Cultural Safety and professional practice in occupational therapy: A New Zealand perspective


  • Marion Gray BOccThy (NZROT), MHSc (Bioethics); PhD Candidate. Kathryn McPherson RN, RM, DipHV, BA(Hons), PhD; Reader in Rehabilitation.

Marion Gray, Department Public Health, Wellington School of Medicine and Health Sciences, PO Box 7343, Wellington South, New Zealand. Email:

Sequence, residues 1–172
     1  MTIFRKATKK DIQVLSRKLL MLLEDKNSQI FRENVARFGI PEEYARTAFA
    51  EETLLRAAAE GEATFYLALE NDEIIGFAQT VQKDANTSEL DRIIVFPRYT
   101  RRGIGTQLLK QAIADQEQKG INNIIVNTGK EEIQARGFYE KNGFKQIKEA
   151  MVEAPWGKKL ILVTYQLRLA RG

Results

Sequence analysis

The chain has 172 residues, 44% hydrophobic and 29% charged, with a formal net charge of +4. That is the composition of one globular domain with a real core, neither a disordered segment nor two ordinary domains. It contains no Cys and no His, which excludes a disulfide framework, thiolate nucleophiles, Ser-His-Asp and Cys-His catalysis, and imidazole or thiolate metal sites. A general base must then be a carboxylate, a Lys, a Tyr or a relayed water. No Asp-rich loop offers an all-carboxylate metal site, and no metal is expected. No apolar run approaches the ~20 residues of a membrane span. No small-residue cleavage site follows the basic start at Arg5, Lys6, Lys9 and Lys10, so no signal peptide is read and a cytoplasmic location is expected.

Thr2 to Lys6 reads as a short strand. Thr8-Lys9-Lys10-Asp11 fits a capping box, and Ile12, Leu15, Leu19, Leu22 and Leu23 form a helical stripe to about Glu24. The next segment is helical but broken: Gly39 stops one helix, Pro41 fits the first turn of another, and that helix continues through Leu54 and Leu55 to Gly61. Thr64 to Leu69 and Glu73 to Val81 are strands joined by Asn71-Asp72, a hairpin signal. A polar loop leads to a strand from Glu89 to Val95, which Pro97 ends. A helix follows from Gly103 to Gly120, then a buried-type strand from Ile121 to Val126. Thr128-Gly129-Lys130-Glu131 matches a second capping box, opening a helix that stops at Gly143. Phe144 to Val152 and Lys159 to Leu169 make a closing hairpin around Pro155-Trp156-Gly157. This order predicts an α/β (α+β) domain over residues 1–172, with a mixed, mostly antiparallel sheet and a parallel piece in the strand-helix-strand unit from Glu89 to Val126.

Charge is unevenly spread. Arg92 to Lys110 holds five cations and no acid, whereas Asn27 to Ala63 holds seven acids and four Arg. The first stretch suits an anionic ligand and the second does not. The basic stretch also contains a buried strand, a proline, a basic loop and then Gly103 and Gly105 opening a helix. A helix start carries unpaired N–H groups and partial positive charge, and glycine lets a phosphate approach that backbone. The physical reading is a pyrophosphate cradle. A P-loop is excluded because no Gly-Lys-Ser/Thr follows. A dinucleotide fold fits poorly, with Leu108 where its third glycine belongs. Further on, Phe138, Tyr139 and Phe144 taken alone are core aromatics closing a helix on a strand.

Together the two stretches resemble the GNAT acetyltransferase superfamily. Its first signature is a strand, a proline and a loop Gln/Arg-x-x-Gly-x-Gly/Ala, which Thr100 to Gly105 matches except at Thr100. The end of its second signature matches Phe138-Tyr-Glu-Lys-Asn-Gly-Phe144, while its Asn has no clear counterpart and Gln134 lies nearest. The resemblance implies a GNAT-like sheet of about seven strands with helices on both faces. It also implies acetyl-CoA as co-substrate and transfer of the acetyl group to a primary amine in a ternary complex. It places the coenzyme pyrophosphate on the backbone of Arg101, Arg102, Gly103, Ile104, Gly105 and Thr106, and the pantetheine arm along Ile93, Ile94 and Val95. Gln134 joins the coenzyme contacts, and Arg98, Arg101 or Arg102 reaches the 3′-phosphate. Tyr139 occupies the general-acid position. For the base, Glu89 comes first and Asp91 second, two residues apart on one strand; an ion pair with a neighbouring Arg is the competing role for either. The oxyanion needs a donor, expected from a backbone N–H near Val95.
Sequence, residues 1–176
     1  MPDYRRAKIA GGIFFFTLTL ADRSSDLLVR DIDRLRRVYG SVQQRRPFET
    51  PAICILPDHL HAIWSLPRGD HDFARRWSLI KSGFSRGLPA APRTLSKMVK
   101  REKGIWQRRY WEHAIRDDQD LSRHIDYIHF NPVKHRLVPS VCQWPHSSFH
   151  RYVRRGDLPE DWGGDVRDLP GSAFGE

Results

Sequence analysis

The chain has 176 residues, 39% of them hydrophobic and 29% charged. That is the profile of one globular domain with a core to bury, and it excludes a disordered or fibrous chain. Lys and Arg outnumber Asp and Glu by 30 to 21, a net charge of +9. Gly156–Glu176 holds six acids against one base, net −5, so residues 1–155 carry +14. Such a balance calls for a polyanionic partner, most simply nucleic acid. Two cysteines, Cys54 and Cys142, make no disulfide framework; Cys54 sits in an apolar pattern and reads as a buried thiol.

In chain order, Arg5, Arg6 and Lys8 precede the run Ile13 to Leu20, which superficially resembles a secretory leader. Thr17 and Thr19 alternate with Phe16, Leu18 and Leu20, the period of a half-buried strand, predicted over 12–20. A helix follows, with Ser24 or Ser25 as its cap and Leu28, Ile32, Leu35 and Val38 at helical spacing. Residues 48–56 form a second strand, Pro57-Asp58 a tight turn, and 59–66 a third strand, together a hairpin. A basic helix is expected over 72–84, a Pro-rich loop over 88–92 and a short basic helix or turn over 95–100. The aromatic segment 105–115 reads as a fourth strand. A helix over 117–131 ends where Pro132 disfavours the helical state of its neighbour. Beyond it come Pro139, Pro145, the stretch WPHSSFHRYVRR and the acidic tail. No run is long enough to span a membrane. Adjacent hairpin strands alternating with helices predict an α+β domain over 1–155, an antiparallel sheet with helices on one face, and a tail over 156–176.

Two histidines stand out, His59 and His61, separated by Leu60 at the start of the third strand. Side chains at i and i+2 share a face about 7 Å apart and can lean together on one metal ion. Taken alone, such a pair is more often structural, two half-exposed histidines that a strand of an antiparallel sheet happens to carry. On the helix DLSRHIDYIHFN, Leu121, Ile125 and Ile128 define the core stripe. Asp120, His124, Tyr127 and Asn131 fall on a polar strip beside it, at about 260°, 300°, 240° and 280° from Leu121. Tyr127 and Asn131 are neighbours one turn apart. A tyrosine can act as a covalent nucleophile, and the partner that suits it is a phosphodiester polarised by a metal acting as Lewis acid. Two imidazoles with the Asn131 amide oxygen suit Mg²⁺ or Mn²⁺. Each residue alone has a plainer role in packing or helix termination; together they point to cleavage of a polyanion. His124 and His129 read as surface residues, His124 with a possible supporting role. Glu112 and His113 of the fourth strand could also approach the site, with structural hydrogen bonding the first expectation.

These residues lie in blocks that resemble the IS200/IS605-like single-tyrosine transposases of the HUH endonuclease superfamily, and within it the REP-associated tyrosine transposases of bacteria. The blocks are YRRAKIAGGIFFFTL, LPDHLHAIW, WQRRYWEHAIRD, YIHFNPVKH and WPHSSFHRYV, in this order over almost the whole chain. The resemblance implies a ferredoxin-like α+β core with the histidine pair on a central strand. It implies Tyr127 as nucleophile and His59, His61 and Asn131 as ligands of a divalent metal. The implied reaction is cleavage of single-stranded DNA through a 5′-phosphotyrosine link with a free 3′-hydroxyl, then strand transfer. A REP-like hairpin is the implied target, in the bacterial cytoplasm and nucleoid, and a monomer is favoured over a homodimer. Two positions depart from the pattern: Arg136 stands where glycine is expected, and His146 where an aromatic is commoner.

This research examined occupational therapists’ attitudes to Cultural Safety for Maori clients. The main research tool was a semi-structured qualitative research interview. A cross-case analysis method was used to determine the major recurring themes. Thirteen participants with varied occupational therapy training backgrounds were interviewed. Current Cultural Safety education is designed to challenge health professionals’ attitudes towards those culturally different from themselves. Results suggest that maturity and personal experiences had significant bearing on these attitudes. Implications for occupational therapy include implementing a policy that stipulates compulsory Cultural Safety education as part of professional development. Findings may have relevance for other countries where significant ethnic differentials in health service success exist, such as Australia.